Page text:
NEW YORK (AP) — Dan Zanes and Elizabeth Mitchell had only been playing for about 10 minutes when the stage was invaded.
The first to appear was a stuffed lamb. Then a cuddly dinosaur. Then all hell broke loose and kids on tiptoes were putting all sorts of beloved stuffed animals — and a collection of 19 neatly organized My Little Ponys — on the lip of the stage to get a better listen.
"Did they buy tickets?" Zanes happily teased from behind a guitar on New York University's Skirball Center stage on Saturday. "Actually, ponies and dinosaurs get in for free."
If most concerts these days are about twerking and pyrotechnics, a Zanes concert usually involves some gentle choo-choo dancing in the aisles, world beats and teddy bears. Plus, it's often over by noon — that's when the target audience naps.
"We have wild dance parties before lunch," he says in an interview a day before the concert. "Who else is going to say that, right? I don't care how many records you've sold: Who's having the dance parties before lunch?"
Zanes, a rail-thin, bushy-haired Grammy Award winner whom People magazine has called the "crown prince of contemporary kid's music," is a former member of the 1980s band The Del Fuegos who turned to children's music after the birth of his daughter and never looked back, building a career with infectious sounds from all over the world.
Zanes' globe-trotting music appetite ranges from elements of Tunisian Sufi, the Louisiana bayou, Appalachia, the Caribbean and South Africa to making a CD completely in Spanish. He likes to call what he does "21st-century, all-ages, handmade social music," but everyone else calls them kiddie songs.
"I accept it. But I don't think of it as children's music," he says in his comfortable two-story Brooklyn home nestled in a diverse neighborhood populated by Bangladeshi and Pakistani immigrants. "This is really music for everybody to sink their teeth into."
Since his debut album, "Rocket Ship Beach," in 2000, Zanes has recorded with all sorts of musicians, including Debbie Harry, Sheryl Crow, Natalie Merchant, Lou Reed, Ziggy Marley and Philip Glass. This month marks a new CD collaboration with Mitchell, also a giant among the nap set. To parents, the teaming up of Zanes and Mitchell is virtually akin to Paul McCartney and John Lennon working together.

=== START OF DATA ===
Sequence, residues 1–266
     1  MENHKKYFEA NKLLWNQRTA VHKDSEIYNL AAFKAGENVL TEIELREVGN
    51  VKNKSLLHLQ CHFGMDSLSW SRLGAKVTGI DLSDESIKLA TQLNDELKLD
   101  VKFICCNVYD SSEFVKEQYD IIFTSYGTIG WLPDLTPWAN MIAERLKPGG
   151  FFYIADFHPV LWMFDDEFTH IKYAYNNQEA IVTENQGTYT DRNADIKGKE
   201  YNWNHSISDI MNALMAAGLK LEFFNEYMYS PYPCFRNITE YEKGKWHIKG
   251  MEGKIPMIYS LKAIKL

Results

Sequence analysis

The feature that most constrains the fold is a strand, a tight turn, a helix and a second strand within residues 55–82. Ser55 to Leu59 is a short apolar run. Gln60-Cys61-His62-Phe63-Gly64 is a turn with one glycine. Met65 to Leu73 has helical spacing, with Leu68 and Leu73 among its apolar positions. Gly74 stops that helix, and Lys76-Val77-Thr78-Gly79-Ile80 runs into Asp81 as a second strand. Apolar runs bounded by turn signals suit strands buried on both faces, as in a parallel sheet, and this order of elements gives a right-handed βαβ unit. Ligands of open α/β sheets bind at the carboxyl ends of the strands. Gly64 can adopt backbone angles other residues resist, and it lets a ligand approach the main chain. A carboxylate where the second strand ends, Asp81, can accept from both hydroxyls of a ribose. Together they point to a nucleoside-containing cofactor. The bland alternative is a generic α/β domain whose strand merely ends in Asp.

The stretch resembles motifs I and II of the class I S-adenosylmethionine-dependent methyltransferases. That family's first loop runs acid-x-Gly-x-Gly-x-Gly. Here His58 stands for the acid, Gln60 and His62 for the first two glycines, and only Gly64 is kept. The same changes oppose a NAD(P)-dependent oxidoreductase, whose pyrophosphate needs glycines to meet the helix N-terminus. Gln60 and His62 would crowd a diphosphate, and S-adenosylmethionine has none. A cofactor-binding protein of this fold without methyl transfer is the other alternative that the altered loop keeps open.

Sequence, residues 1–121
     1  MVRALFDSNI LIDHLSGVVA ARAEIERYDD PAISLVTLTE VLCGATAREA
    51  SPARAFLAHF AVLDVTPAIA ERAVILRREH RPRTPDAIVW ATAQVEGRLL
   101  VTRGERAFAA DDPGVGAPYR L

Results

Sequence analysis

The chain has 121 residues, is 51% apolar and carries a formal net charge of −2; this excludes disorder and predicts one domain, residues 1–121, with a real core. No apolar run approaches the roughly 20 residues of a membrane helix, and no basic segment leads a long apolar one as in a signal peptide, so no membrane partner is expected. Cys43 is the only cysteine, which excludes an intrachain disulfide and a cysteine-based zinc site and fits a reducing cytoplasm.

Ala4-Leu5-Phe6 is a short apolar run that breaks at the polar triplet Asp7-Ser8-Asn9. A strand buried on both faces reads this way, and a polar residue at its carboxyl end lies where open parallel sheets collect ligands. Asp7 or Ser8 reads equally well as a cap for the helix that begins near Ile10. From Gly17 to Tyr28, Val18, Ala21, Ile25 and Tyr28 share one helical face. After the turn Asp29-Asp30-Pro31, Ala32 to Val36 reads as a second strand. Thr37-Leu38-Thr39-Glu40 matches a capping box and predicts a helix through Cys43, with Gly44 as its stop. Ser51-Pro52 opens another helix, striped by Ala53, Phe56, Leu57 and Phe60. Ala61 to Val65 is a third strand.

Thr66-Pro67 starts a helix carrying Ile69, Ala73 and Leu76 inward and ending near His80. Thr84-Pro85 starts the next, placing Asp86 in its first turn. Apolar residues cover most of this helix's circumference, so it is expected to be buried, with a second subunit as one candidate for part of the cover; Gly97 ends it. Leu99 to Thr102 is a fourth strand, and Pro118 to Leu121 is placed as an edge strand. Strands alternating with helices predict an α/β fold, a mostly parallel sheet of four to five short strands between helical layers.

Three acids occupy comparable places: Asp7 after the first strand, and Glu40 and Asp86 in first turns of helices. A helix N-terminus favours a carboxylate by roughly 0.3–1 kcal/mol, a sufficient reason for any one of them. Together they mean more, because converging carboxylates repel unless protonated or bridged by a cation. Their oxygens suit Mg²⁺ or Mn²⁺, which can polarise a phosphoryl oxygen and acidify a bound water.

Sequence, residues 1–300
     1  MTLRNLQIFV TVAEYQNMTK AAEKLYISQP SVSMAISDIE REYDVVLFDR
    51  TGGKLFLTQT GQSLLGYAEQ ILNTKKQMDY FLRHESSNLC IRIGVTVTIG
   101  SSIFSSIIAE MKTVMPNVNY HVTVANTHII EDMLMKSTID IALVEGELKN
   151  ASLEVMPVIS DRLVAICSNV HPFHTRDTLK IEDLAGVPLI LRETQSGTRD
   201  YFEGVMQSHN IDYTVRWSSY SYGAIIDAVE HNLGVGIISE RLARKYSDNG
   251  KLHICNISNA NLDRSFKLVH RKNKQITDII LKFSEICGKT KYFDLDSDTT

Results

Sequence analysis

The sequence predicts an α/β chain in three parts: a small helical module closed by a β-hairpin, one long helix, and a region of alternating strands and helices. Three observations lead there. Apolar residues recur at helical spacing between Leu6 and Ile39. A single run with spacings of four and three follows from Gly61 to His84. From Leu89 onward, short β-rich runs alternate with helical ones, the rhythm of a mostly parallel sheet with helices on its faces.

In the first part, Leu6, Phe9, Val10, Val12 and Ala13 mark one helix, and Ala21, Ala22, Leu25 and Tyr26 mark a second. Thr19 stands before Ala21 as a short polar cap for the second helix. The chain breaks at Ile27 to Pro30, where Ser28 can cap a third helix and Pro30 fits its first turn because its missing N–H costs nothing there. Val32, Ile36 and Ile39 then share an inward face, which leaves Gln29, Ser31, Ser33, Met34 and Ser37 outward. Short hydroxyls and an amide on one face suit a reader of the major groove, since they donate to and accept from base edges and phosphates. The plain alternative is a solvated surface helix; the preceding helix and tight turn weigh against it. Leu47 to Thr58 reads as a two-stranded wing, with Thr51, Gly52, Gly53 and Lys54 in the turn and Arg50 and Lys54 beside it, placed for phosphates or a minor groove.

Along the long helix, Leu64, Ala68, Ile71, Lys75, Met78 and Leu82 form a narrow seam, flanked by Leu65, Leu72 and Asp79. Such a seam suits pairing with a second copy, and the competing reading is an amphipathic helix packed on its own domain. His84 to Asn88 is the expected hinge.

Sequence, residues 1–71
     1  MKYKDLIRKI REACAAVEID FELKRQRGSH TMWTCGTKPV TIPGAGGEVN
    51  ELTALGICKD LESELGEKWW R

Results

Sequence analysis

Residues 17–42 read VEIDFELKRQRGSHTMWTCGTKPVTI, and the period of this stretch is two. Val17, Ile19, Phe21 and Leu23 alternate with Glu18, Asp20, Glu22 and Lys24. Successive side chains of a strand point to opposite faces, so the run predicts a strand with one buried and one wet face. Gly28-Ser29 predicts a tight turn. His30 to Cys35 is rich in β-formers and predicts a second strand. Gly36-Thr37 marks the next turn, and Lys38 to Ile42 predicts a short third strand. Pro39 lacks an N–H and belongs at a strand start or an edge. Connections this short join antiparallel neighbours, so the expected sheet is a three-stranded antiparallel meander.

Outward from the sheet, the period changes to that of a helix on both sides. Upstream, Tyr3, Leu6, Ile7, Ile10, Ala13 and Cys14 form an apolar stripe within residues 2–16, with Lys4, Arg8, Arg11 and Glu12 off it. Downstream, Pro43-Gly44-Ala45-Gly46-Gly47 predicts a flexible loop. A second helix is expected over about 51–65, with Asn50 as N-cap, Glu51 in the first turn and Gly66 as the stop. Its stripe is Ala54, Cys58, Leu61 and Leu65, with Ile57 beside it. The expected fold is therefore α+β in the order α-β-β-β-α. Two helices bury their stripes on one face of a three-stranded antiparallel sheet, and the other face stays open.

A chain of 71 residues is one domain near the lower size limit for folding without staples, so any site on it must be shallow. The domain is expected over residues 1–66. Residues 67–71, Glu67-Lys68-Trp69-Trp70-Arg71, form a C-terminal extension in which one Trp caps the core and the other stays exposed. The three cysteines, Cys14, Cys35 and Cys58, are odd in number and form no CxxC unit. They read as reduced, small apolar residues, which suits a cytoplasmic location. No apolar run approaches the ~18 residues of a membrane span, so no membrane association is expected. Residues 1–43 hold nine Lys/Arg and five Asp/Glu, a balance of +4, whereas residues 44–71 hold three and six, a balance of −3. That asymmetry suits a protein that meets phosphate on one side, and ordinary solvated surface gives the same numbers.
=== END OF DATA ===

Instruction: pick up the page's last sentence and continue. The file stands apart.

In "Turn, Turn, Turn," Zanes and Mitchell team up with Daniel and Storey Littleton — her husband and daughter — to create gentle folk tunes. Five are Zanes' originals, and there are also several traditional songs such as "Sail Away Ladies," ''Train Is A-Coming" and "Wim Wam Waddle."
The songs came easily when the four sat in Zanes' living room for three days this spring to pick out songs for the CD, which was recorded upstate near Woodstock, N.Y. A tour will hit Illinois, New Jersey, New York, Pennsylvania and Massachusetts this fall.
"Songs were just flying out," he says. "We just drink from the same well. We all love music and I think we love the idea of bringing some of these songs sometimes kicking and screaming into the 21st century."
He and Mitchell have been friends since they met at a maternity shop in SoHo when his album came out, and they've long wanted to record together. As a sign of how in synch they were, both showed up with a list of the same obscure songs, including "My Creole Belle."
"That's kind of odd, you have to say," she says by phone. "It was just really fun and really natural. He and I have really been on this similar path since Day One. We share a similar approach that if the heart and soul are in the right place then that's all that's important."
Zanes and Mitchell — her CDs include "You Are My Little Bird," ''Catch the Moon" and the Grammy-nominated "Little Seed" — each emerged around the same time and have seen the genre of family music explode. He estimates there are at least 10 times as many people making and performing music for kids now.
"A lot of people felt sorry for me when I first started doing this. They really thought I'd given up rock 'n' roll so I could sing 'Old MacDonald' every day," he says. "People's imagination about what family music could be was very, very limited."
He gets inspired by his environment and recently moved into a new home not far from Pakistani and Bangladeshi restaurants and women passing by in burkas. One neighbor is Haitian, another Puerto Rican. (One song from the new CD is "Coney Island Avenue," which is a street near his home.)
"I like to ask people about what they listened to growing up," says Zanes, who was raised in New Hampshire. "I'm really appreciating the crazy quilt of cultures around me here. I just love that. I'm just a curious guy."
Over the years, he has learned to play guitar, banjo, mandolin, piano, bass, ukulele, harmonica, jaw harp and spoons. But Zanes knows the sheer power of music on a toddler is the real beauty.
"Being able to sit down and play an instrument for young people, you might as well be pulling a ferret out of your sleeve," he says. "It's that amazing."
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